In Stanbrough v. Vitek Solutions, Inc., 2014 WL 462927 (Mo. Ct. App., E.D.), we have an interesting claim brought by an employee. It appears from the brief that the employee was working for a firm that does repair work for the employer’s customer–a cable, telephone, internet provider enterprise (Charter Communications). One of the claims is the employer’s compensation of the employee mirrored amounts payable by the client to the employer, and that decreases violate Missouri law concerning decreasing an employee’s compensation without advance notice. The brief’s discussion of this matter, in full, is as follows:
III. The Trial Court erred in Concluding that Material issues of disputed fact did not exist to preclude Summary Judgment on Appellant’s breach of contract claims against Appellee.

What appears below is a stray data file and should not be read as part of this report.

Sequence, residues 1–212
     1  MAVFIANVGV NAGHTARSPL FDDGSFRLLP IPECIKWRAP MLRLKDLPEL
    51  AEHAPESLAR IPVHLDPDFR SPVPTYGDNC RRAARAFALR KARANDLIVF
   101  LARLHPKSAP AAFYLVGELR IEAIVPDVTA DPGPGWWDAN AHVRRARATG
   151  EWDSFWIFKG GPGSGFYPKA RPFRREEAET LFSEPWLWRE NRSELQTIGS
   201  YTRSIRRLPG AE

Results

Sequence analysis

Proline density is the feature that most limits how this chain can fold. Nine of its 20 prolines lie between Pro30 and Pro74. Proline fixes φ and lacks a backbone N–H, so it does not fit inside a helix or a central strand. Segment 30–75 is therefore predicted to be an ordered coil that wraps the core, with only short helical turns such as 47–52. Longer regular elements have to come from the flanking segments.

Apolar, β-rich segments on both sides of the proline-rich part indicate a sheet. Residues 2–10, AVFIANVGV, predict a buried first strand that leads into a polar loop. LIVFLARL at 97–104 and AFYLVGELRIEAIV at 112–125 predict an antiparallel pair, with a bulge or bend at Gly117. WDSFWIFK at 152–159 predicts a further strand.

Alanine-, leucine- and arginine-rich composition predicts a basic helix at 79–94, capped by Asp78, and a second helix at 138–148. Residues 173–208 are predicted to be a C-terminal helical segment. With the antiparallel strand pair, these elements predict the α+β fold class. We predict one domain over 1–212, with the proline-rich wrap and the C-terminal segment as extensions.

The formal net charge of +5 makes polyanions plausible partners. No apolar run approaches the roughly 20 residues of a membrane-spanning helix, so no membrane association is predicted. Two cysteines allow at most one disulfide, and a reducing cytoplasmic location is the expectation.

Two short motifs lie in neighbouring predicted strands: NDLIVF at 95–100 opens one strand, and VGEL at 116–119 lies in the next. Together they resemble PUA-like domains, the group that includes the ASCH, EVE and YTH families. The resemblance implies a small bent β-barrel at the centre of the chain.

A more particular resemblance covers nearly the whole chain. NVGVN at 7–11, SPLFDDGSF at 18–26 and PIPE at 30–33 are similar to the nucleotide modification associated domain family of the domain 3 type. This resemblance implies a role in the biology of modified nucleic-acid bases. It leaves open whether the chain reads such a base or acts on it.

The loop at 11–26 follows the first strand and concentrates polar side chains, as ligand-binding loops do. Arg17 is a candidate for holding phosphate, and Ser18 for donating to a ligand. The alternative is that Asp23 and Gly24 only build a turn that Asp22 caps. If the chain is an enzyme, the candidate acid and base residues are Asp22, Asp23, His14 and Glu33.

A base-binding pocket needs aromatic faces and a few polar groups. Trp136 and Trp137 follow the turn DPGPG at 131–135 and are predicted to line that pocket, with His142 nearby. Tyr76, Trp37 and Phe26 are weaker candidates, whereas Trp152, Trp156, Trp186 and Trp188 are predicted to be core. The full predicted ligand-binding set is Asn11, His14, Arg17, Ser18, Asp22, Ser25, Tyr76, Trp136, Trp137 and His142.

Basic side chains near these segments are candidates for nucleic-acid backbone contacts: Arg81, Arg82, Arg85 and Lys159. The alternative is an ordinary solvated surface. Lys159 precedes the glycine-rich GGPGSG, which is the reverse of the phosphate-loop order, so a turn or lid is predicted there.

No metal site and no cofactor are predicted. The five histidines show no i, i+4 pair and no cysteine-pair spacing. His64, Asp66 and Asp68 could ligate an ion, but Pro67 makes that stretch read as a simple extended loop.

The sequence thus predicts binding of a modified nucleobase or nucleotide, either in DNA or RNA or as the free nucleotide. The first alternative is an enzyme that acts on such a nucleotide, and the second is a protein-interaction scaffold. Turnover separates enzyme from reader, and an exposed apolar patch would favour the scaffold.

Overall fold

A Missouri employer may not unilaterally decrease an employee’s pay absent 30 days’ notice. Mo. Rev. Stat. § 290.100.
On several occasions, Appellant inquired to a Vitek supervisor why his pay fell short of the agreed-upon “piece rate” compensation owed to him. On those occasions, Vitek’s supervisor responded that Appellant’s pay only included the “piece rate” items that Charter Communications had paid Vitek. LFRA at 10:1058; 1064. Nowhere does Vitek assert that its agreement to pay Appellant based on the “piece rate” schedule was contingent upon the vagaries of Charter’s subsequent actions after Appellant had provided such services to Charter’s customers. It follows that Vitek’s motion for summary judgment should be denied as to Appellant’s claim under Mo. Rev. Stat. § 290.100.
That’s an interesting way to posture a claim. I’m interested to see how it works-out.